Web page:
Sleeping Beauty sleeps for a thousand years, and a young boy in Soviet Ukraine finds her on a grassy pedastal in a pit in the woods near his cousin's farm, while his parents are trying to get visas to leave the country and emigrate to America. He can't do anything about it, and he convinces himself that it was only a dream. Twenty years later, he's a graduate student, working towards a Ph.D. in Slavonic languages, and his thesis research brings him back to Ukraine after the fall of the Soviet Union. He wakes and rescues the princess, and when they can each see one bridge leading off the pedastal to the solid ground on the far side of the pit, it's not the same bridge. They take hers, and wind up in her 9th-century kingdom of Taina. The only survival skill Ivan has for Katerina's world is speaking the language; he has no skills which making him a plausible prince and king in this world. But they must marry, or Baba Yaga, the witch that is trying to destroy Katerina and her father and seize Taina, will win. Ivan, who in addition to his linguistic skills is a pretty fair decathlete, struggles to learn skills respectable for a knight in the 9th century, such as the use of a broadsword, and how not to disgrace himself in 9th century Carpathian society, while Katerina struggles to understand her weird betrothed, who is too educated for a peasant, completely lacks a knight's skills, and doesn't know the most basic, ordinary rules of decent behavior. Meanwhile, Baba Yaga is still plotting against them, and not everyone in Taina is altogether reconciled to the fact that Katerina is betrothed to this weird foreigner who can't fight. I think this is more original and interesting than some other relatively recent retellings of Sleeping Beauty, and Card's a good writer, and he omits the child torture this time. Recommended.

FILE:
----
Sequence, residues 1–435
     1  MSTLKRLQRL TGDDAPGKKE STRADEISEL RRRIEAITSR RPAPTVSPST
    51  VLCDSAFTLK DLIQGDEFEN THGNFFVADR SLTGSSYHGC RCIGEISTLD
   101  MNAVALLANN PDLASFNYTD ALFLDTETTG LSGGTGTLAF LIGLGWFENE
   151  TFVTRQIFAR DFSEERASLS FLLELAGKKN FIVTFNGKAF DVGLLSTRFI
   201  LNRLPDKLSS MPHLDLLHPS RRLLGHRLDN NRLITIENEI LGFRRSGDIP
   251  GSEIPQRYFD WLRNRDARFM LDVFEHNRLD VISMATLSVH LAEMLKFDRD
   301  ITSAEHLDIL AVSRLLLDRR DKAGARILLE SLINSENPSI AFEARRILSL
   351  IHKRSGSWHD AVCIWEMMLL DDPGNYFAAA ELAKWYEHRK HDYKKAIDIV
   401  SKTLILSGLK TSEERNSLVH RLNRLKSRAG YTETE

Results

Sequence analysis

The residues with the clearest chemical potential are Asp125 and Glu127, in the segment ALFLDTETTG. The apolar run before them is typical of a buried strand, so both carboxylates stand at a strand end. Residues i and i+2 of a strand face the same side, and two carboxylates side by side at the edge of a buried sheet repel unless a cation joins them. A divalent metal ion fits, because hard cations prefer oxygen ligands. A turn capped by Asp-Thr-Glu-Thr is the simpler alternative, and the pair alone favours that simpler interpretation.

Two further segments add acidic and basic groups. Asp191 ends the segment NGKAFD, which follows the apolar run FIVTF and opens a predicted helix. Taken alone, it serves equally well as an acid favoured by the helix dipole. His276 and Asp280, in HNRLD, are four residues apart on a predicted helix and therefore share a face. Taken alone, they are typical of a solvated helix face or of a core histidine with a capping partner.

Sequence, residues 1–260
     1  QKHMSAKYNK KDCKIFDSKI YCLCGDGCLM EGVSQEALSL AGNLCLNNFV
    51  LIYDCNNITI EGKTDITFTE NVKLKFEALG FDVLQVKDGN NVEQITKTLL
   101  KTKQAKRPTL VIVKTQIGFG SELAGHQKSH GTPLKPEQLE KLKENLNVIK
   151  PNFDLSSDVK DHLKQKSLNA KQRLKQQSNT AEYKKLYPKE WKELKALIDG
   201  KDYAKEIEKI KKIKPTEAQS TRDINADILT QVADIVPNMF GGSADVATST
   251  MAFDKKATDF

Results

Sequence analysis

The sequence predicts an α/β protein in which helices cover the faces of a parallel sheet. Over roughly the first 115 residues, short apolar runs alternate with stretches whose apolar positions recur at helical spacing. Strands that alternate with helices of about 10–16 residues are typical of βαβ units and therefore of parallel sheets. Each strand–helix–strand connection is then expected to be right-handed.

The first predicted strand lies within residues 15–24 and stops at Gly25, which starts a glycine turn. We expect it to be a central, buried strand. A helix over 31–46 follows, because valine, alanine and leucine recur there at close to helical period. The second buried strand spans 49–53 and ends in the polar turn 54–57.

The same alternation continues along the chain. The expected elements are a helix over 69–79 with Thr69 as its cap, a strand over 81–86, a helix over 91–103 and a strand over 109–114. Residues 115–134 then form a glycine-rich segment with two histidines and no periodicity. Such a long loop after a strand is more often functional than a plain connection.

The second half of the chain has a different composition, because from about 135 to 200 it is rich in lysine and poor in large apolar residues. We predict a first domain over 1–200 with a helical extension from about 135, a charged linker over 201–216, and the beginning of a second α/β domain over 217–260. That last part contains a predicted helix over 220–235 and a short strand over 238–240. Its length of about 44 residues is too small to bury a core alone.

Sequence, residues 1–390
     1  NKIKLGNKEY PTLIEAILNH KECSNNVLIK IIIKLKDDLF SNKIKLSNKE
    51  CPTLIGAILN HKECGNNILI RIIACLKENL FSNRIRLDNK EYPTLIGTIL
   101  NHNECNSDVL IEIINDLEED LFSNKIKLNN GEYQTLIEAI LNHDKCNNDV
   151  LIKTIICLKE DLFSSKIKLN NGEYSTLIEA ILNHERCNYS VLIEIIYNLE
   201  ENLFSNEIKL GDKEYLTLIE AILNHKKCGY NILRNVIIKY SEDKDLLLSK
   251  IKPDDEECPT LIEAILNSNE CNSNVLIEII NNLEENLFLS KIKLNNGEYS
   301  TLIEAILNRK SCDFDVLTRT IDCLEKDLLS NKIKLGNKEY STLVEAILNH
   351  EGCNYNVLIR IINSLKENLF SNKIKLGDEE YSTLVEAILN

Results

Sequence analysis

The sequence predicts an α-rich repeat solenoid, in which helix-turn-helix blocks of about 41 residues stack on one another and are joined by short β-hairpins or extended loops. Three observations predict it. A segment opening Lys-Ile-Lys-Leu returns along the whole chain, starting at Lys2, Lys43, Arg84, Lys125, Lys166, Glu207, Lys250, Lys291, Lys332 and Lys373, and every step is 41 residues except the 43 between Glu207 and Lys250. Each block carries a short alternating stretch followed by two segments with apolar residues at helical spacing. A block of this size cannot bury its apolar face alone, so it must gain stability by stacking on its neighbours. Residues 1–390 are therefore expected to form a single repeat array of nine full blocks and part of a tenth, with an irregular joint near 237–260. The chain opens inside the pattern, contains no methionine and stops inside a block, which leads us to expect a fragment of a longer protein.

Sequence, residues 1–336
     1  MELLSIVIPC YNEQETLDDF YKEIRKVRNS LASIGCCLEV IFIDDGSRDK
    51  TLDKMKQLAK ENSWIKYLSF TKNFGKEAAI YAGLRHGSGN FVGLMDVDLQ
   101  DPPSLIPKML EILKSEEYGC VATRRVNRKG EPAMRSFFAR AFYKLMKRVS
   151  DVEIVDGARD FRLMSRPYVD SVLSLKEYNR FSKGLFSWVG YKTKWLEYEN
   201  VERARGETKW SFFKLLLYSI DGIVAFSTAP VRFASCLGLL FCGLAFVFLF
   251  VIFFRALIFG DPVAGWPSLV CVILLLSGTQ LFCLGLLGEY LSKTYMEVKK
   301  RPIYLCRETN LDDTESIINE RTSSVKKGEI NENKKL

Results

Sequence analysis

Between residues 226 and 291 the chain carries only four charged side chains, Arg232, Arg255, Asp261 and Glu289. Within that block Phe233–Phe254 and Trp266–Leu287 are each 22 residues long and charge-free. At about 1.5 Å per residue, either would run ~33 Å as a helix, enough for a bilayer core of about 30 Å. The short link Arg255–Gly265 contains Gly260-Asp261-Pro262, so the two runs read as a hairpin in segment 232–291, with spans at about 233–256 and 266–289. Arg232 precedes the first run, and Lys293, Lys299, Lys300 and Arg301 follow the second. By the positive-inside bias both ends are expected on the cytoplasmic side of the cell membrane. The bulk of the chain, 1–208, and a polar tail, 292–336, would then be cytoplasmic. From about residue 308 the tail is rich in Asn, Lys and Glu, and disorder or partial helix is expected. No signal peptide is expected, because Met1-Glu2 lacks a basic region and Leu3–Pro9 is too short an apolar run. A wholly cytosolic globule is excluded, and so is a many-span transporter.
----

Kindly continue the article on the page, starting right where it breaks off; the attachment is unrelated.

( )
  LisCarey | Sep 19, 2018 |
Mostrando 1-5 de 78 (seguinte | mostrar todos)
The youthful protagonists, the elements of fantasy and romance, and Card's imaginative, humorous storytelling make this a winner for young adults.
adicionada por Katya0133 | editarSchool Library Journal, John Lawson (Dec 1, 1999)
Combining modern sensibilities with ageless, mythic truths, Card's latest novel is highly recommended.
adicionada por Katya0133 | editarLibrary Journal, Jackie Cassada (Apr 15, 1999)

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Nome do autorPapelTipo de autorObra?Estado
Card, Orson Scottautor principaltodas as ediçõesconfirmado
Rudnicki, StefanNarradorautor secundárioalgumas ediçõesconfirmado
Spalenka, GregArtista da capaautor secundárioalgumas ediçõesconfirmado
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In a retelling of the Sleeping Beauty tale, American graduate student Ivan stumbles upon a mysterious sleeping maiden in the Carpathian forest whom he awakens with a kiss, setting in motion a series of events encompassing the modern world and a world that vanished a thousand years ago.